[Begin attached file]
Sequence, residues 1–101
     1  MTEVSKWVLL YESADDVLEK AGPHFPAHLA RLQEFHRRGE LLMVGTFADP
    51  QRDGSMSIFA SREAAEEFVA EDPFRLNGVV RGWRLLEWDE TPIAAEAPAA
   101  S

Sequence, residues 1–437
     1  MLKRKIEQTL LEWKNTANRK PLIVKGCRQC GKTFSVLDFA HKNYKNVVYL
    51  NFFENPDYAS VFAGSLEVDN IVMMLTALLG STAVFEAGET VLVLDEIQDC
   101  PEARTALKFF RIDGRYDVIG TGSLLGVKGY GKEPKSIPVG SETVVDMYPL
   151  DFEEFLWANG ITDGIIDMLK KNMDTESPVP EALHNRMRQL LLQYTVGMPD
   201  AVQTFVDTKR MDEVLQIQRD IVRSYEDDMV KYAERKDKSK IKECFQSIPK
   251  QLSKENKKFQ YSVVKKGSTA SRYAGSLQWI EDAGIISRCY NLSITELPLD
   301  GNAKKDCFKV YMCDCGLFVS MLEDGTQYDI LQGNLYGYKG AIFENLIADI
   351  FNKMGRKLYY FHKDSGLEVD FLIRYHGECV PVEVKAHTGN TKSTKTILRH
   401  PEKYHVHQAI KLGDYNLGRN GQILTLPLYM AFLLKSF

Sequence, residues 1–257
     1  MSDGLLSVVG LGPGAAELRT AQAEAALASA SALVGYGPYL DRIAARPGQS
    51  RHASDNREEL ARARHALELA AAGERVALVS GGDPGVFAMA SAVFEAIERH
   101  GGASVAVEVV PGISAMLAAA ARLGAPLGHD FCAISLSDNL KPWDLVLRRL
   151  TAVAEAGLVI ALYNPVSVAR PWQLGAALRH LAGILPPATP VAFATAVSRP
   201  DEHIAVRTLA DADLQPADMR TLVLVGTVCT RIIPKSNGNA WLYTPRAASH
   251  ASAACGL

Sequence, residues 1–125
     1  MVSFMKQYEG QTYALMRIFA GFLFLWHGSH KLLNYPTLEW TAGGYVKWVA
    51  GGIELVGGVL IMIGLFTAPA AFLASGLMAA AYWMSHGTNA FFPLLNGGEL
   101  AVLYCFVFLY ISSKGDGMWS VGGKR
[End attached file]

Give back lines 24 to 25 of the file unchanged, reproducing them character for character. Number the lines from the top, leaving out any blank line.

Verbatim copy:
    51  GGIELVGGVL IMIGLFTAPA AFLASGLMAA AYWMSHGTNA FFPLLNGGEL
   101  AVLYCFVFLY ISSKGDGMWS VGGKR